3. Honor Father’s Day in a Way That Includes All LGBTQ Families: This article includes expert advice for honoring Father’s Day in a way that includes all LGBTQ families. The author provides information on understanding how children in LGBTQ families might feel about the holiday, acknowledging how LGBTQ families celebrate (or don’t celebrate), and learning how you can be an ally to the LGBTQ families in your life and your school community. Additionally, recommendations regarding what all families and what schools can do to make Father’s Day more inclusive is provided. (All of these recommendations can also be utilized to make Mother’s Day more inclusive.)

Informational Articles

  1. Mother’s Day 2020: History.com provides an abundance of valuable information on the history of Mother’s Day, Ann Reeves Jarvis and Julia Ward Howe, Jarvis conceiving the idea of Mother’s Day, and how Mother’s Day is celebrated around the world. This site may not offer any history regarding inclusive Mother’s Day, but it is important for students to understand how this holiday came to be and how it is celebrated in locations around the world in order for them to grasp why it is so important for all families to be included on this celebrated day.
  2. Father’s Day 2020: History.com also provides much information on how Mother’s Day was an inspiration for Father’s Day, the origins of Father’s Day, controversy and commercialism related to Father’s Day, and more. 

Conclusion

Teaching about inclusive Mother’s and Father’s Day isn’t an easy task because it can be tough for students, especially the younger students, to understand that not all families are the same. Educators have the power to make their classrooms more inclusive on these holidays, which will help students to understand that the uniqueness of each family is what makes them special and therefore that all kids should feel comfortable on both of these days. Using the tools provided above will help you to make your classroom more inclusive and teach students about diverse family structures.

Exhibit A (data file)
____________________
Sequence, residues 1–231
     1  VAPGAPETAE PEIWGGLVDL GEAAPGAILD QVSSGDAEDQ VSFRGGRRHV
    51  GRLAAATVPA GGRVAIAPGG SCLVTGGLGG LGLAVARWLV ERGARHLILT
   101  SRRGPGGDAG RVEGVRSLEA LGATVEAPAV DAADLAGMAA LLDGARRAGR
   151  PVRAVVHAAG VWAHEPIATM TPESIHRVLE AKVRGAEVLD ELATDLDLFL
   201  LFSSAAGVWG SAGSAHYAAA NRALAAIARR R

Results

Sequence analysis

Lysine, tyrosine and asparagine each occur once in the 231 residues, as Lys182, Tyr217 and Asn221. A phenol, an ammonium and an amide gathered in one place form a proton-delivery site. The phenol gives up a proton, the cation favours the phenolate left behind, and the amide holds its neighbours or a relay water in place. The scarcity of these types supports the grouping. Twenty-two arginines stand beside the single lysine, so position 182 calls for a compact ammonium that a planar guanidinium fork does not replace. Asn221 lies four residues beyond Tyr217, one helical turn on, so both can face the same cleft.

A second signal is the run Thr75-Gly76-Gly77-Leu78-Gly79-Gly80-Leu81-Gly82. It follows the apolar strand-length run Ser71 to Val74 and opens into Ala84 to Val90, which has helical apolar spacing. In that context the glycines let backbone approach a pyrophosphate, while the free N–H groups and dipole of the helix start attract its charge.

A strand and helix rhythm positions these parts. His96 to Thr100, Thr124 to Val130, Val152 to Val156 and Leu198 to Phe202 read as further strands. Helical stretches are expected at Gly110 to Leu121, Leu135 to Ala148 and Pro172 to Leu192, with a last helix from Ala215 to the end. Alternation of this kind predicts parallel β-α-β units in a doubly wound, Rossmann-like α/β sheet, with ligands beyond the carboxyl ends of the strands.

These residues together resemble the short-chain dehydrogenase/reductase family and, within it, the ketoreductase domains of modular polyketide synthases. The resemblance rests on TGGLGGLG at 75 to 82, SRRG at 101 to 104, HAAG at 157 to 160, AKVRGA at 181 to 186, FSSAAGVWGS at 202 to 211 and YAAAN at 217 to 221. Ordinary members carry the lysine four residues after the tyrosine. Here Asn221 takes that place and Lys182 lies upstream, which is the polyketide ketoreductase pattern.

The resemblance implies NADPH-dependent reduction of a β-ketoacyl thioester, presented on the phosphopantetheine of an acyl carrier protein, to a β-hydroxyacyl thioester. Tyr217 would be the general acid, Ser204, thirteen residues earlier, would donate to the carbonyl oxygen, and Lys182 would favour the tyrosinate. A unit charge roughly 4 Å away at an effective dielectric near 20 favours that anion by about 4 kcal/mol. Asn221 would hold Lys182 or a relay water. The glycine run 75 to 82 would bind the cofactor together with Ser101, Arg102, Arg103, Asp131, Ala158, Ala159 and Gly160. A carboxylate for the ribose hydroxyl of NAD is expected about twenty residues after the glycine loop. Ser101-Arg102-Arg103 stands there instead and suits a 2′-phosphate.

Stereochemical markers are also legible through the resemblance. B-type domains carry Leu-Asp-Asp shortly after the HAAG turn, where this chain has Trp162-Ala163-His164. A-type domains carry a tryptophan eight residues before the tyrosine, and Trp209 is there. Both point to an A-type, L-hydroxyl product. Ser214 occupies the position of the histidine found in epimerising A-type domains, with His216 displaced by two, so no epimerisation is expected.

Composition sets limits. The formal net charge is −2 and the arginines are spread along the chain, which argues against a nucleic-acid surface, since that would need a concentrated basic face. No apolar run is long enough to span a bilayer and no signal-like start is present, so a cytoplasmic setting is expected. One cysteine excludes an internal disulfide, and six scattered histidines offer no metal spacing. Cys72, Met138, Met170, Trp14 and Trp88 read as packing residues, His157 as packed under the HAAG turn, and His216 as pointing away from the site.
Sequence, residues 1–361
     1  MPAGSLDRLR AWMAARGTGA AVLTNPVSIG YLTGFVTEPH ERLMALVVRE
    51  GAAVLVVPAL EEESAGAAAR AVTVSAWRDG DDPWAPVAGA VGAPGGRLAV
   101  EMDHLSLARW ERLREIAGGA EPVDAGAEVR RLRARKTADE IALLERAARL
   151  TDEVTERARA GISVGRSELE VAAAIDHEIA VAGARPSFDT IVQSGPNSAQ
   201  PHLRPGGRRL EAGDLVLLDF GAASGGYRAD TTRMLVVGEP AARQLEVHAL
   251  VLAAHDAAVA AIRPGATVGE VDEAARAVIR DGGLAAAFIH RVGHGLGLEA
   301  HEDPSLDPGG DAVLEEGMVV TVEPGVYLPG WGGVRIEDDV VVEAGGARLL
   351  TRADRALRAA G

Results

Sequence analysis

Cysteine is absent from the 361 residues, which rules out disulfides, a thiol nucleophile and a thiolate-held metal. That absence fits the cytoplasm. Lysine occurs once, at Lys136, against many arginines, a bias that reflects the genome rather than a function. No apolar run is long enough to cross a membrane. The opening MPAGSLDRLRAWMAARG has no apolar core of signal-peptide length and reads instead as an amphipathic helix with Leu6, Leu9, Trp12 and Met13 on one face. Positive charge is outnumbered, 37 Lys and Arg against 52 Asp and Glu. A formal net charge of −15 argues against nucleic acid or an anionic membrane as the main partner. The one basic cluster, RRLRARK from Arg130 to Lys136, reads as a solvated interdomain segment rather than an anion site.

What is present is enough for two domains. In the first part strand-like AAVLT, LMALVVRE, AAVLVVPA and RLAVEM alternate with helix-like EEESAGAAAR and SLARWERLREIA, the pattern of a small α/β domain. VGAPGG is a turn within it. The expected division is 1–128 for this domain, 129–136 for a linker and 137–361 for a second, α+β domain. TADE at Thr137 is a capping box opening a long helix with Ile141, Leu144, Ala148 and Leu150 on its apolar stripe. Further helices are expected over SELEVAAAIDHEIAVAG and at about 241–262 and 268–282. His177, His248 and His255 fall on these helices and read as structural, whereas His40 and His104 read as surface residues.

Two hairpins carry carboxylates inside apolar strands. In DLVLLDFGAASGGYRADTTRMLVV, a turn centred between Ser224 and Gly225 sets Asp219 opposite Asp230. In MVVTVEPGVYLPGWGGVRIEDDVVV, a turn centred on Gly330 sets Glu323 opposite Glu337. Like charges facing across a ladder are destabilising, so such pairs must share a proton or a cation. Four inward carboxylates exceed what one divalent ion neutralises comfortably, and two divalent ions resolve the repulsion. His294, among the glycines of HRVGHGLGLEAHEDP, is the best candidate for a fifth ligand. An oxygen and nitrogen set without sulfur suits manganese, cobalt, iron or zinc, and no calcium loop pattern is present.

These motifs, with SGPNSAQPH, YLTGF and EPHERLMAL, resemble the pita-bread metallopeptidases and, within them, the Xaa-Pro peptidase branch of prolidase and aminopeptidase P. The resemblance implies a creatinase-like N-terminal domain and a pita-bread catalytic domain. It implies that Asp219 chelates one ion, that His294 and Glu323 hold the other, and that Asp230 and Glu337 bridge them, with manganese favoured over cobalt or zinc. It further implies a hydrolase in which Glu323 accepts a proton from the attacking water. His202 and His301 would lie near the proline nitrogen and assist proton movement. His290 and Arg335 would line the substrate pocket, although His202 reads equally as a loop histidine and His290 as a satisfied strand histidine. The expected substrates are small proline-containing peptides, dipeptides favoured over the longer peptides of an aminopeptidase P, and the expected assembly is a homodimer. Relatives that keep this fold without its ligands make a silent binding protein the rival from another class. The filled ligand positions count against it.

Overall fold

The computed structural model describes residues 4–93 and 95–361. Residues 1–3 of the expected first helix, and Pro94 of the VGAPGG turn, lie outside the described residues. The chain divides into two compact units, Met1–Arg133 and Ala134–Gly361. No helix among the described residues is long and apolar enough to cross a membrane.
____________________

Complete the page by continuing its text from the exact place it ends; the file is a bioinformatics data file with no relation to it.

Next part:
Additional Resources

  1. Alternatives to Mother’s Day Cards: Scholastic provides an article on alternatives to Mother’s Day Cards, as there are many children and adults whose mothers have passed away, who have two fathers or transgender parents, or who have a different family structure. The author suggests honoring grandmothers, aunts, fathers, family friends, or school helpers on this special day.
  2. A Conversation in Hello – Being Inclusive of all Families on Father’s Day: naeyc highlights a few post from a conversation about Father’s Day, which discuss suggestions on Father’s Day gifts (for a student who has two mothers), how to include diverse families in everyday customs and practices, the complexity of many families, etc.
  3. Mother’s Day Crafts: This brief article discusses a few different inclusive Mother’s Day activities, including songs and a bring your mother or “mother-like figure” to school day, and information on how some organizations and schools have approached making this day one that can be celebrated by every student.
  4. Welcoming Family Diversity in the Classroom: education world offers an explanation of the different types of diverse family structures and five ways that educators can celebrate family diversity in the classroom, including offering books that address a range of family experiences, using inclusive communication and language, keeping activities general, presenting visual diversity, and setting expectations of respect in the classroom.